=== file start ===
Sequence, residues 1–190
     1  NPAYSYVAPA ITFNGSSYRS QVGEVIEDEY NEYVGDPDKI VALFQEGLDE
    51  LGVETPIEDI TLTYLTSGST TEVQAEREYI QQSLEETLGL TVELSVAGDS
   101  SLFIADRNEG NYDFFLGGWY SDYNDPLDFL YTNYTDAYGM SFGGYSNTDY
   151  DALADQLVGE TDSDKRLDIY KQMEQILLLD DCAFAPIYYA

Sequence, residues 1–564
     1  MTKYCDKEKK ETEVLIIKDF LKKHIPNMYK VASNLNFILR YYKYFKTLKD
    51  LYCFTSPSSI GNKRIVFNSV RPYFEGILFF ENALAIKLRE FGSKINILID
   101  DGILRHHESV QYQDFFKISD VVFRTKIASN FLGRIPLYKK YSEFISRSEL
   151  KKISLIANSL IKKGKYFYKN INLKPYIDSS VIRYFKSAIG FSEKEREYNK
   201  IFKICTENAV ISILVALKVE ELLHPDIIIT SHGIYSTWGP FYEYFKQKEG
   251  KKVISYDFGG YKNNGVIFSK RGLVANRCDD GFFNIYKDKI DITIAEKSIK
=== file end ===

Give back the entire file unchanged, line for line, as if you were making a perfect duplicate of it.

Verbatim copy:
Sequence, residues 1–190
     1  NPAYSYVAPA ITFNGSSYRS QVGEVIEDEY NEYVGDPDKI VALFQEGLDE
    51  LGVETPIEDI TLTYLTSGST TEVQAEREYI QQSLEETLGL TVELSVAGDS
   101  SLFIADRNEG NYDFFLGGWY SDYNDPLDFL YTNYTDAYGM SFGGYSNTDY
   151  DALADQLVGE TDSDKRLDIY KQMEQILLLD DCAFAPIYYA

Sequence, residues 1–564
     1  MTKYCDKEKK ETEVLIIKDF LKKHIPNMYK VASNLNFILR YYKYFKTLKD
    51  LYCFTSPSSI GNKRIVFNSV RPYFEGILFF ENALAIKLRE FGSKINILID
   101  DGILRHHESV QYQDFFKISD VVFRTKIASN FLGRIPLYKK YSEFISRSEL
   151  KKISLIANSL IKKGKYFYKN INLKPYIDSS VIRYFKSAIG FSEKEREYNK
   201  IFKICTENAV ISILVALKVE ELLHPDIIIT SHGIYSTWGP FYEYFKQKEG
   251  KKVISYDFGG YKNNGVIFSK RGLVANRCDD GFFNIYKDKI DITIAEKSIK